Posted By: Kira Elkins
In a world gone virtual, there’s no doubt that Google is king. From guiding internet surfers to the answers they’re searching for to providing analytics that help users manage their marketing strategies, Google is as deeply connected to your online experience as the keyboard you type on. So when the Internet giant changes direction, it’s no surprise that everyone is all eyes and ears to catch their next move.
When Google announced its transition from Universal Analytics (UA) to Google Analytics 4 (GA4) in October 2020, Neon Canvas began working proactively to stay ahead of the changes. Now that Google is planning to completely phase out UA for GA4 by July 2023, we’re taking to the Internet to explain what Google’s latest updates mean for your practice before the switch. Let’s get after it.
Tracking the movement of users across the web is one of the most important tools marketing agencies have for driving traffic to their clients’ websites, and cookies are responsible for providing this data. Cookies are often described as the breadcrumb trail that web surfers leave behind, showing Google where they’ve been on the Internet and how they travel from one page to another.
There are two major types of cookies: first-party and third-party. You’re in control of first-party cookies because you are the one that places them on your site to track how users interact with it. You’re not in control of third-party cookies, which can be placed on any site from an outside source to track user data. Third-party cookies have been flagged as privacy concerns so often that one of the major reasons Google created GA4 was to address the issue.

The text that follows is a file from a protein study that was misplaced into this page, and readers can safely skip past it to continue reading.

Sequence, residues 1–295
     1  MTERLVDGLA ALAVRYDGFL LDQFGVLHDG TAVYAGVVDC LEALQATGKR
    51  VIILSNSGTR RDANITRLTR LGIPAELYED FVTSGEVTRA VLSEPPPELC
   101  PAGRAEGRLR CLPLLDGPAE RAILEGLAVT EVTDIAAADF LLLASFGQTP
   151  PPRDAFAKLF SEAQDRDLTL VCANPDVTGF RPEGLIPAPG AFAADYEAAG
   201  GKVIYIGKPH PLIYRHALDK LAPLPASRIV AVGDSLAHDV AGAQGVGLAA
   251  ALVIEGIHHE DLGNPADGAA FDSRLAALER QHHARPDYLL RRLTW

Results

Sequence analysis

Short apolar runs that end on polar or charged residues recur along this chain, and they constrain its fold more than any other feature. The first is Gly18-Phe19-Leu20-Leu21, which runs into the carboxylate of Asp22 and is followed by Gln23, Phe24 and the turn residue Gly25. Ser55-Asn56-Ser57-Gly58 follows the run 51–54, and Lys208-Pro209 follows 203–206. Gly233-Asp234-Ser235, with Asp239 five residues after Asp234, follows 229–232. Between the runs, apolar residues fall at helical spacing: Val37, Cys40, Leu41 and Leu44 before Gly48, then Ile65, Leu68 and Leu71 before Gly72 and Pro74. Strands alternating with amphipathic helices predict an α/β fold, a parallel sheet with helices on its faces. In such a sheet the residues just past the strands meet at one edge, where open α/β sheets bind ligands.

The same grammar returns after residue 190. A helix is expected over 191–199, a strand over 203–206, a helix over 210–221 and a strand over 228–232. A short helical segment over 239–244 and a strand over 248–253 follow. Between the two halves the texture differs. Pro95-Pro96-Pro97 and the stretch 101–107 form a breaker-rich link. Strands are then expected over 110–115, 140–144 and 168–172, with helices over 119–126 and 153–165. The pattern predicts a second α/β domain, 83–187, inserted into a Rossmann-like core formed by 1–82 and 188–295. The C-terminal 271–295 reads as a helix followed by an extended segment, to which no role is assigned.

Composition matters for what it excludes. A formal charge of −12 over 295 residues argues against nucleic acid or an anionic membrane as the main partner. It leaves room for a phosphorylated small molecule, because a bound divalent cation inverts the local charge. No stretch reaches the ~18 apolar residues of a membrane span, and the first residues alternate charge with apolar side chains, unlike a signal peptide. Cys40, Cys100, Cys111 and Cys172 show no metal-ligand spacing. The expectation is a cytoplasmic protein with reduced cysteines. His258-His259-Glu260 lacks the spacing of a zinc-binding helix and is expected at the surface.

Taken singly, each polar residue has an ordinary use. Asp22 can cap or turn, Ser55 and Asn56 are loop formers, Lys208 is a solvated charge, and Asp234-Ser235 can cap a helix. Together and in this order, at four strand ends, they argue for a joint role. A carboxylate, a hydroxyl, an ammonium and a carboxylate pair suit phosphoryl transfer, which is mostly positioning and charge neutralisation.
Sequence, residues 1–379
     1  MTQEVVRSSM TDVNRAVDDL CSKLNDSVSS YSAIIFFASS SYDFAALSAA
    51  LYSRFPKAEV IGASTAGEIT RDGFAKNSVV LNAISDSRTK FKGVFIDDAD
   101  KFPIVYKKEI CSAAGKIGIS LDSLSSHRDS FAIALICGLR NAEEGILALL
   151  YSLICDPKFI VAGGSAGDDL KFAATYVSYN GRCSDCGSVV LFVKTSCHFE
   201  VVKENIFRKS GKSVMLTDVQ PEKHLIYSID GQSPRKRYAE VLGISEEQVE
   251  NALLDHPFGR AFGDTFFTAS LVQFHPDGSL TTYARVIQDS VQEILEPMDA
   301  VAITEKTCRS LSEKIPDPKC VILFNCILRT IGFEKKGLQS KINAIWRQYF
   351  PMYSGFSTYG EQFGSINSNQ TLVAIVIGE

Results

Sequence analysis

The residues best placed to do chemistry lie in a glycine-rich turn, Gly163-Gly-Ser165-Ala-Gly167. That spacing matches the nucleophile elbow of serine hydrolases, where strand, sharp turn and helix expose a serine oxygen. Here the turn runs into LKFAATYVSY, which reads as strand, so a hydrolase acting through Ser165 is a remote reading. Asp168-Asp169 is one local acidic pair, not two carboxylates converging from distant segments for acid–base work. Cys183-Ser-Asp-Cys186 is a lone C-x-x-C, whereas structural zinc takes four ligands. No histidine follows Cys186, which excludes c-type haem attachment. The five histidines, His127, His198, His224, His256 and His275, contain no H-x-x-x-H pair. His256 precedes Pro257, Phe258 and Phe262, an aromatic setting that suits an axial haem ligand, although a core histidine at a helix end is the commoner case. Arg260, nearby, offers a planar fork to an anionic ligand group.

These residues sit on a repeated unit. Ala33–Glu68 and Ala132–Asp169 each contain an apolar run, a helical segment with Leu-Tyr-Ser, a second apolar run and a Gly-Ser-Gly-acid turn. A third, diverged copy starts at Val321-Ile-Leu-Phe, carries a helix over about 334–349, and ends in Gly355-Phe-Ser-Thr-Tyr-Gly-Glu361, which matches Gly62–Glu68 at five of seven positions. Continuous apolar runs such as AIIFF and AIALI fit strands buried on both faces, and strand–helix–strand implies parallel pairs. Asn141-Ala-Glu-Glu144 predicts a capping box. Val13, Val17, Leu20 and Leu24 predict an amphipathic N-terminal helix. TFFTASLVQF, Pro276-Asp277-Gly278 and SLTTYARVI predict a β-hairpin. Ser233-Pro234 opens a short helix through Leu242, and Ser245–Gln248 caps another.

Enter GA4. This privacy-centric system only tracks first-party cookies, respecting your – and your users’ – confidentiality.
Reporting Across Multiple Devices
In recent years, we’ve witnessed a major uptick in the number of users accessing the Internet from devices other than their laptops. Internet surfers may start a query on an app, pick it up again on their desktop later, and then return to their search on their smartphone all in one day. Unlike UA, GA4 makes it possible to track a user’s research journey across multiple devices, giving us a richer, more holistic insight into how surfers move across the web.
GA4 Uses Engagement-Rate, Not Bounce-Rate
Say goodbye to bounce-rate metrics and hello to its inverse: engagement-rate metrics.
Bounce-rate and engagement-rate analytics work toward the same goal (attempting to describe how successful a web page is at getting users to interact with it), but they approach the problem differently. Bounce-rate uses a negative angle, showing you how many people leave your site without interacting. It doesn’t factor in time, which limits the scope of what successful “interaction” really means.
Engagement rate is a more positive, open approach to Google analytics. Instead of counting how many users leave a page, engagement-rate counts how many users stay on a web page for longer than 10 seconds.